The cerebellum — an athlete and a scholar

Cerebellum, athlete and scolar

The cerebellum, once thought to be simply a motor coordination center, is now understood to participate in both cognitive and emotional processing.  Somewhat resembling the cerebrum (with lobes and a highly folded cortex), but far smaller, it was given the name cerebellum meaning “little brain”.  After early studies showed its obvious role in motor coordination, the cerebellum was type-cast as a dedicated motor processor.

Even on a purely anatomical level, the cerebellum is an amazing structure.  While making up only 11% of the brain’s mass, it contains about half of all neurons in the brain.  It achieves this phenomenal density with vast numbers of tiny neurons called granule cells.  Indeed, their small size and density has slowed progress by making it difficult to record the activity of individual cells.  On the tissue level, the cerebellum has an impressively regular organization that’s suggestive of a printed circuit board.

So perhaps it’s no surprise that new research implicates the cerebellum as a “calculator”, not just for motor coordination, but in other roles.  A study last year (summarized here) showed greater involvement between the cerebellum and cognitive centers, lending credence to the notion that it plays  a general role in “quality control”, not just in movement but in thinking.  And a paper earlier this year (summarized here) showed powerful control by the cerebellum over an emotional reward center in the brain, thus controlling behavior.  Other studies have suggested roles for the cerebellum in autism and schizophrenia.  With this recent “sprint” in research, the cerebellum has begun to earn new respect.





Gray and white matter – the cities and highways of the brain

gray and white matter is city and highway

Your brain has around a hundred billion signaling cells called neurons, forming an astronomical number of connections (synapses).  The “wiring” is incredibly complex — an electrician’s nightmare!  Hundreds of functional brain regions and circuits have been identified, but to a large extent the brain is still a “black box”.

One thing that’s plain, though, as you look at a slice of brain, is that it’s divided into two general types of tissue.  Gray matter is where information is processed.  Here you’ll find dendrites, the “input cables” that a neuron uses to take in information.  These are all attached to the cell body, which therefore, in effect represents an “integration zone” for all the signals coming in.   If the neuron decides it has something to say about the matter, it fires off a signal through the axon, the single “output cable” of the cell.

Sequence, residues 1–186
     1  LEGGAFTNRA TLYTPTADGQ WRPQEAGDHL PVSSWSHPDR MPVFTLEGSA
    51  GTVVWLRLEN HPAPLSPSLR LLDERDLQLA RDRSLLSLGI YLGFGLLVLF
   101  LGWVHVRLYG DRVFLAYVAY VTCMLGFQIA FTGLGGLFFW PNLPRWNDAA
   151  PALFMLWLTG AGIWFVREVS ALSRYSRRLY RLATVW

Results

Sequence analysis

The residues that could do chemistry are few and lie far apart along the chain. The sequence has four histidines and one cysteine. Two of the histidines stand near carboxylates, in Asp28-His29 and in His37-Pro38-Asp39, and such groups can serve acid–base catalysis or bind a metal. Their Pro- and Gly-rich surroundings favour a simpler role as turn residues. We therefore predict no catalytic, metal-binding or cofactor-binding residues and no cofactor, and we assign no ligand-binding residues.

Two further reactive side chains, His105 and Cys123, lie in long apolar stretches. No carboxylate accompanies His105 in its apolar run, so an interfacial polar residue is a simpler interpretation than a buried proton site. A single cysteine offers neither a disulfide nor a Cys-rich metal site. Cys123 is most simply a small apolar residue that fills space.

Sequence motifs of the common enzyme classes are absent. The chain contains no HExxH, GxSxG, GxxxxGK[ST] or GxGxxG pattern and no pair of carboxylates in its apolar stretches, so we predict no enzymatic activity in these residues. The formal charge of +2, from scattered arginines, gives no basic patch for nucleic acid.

You’ll also find white matter, distinguished by the presence of myelin, a wrapping provided by other cells (here, oligodendrocytes, seen hanging under the “freeway”).   Myelin is a fatty material so the white color is not surprising — think of the pale crust of grease on a refrigerated pot of chicken soup.

Unlike the water that fills and surrounds each cell (remember: keep that hair dryer out of the bathtub!), fat is a poor conductor of electricity, so myelin serves as an insulating covering for axons.  It prevents an axon from being “short-circuited” when two axons lie side by side, and it also greatly speeds up the signal transmission along an axon.  So, a group of myelinated axons (which can be up to several feet long!) is a good way to carry a large body of information from one place to another, quickly and uncorrupted.

What we have, then, is a sprawling “metropolitan area” consisting of “commercial city centers” joined together by high-speed, multi-lane “highways”.  Gray matter tends to have highly branched neurons with many connections, allowing intricate exchange of information.  The flow of “traffic” is complex, and stops are frequent.  White matter is all about rapid, long-distance signaling from one “city center” to another, very much like an expressway.  These axons are insulated against nervous input, but at intervals some will branch off to make a connection.

Proceeding with this fantasy, we see an exit approaching for “Las Vagus” – that’s a reference to the vagus nerve, a major nerve that extends from the brain to many of your internal organs.  You may also have noticed that on white matter, the ride is a bumpy one – That’s because there are gaps in the myelin (nodes of Ranvier).  Paradoxically, though, in real life these gaps actually speed up the signal!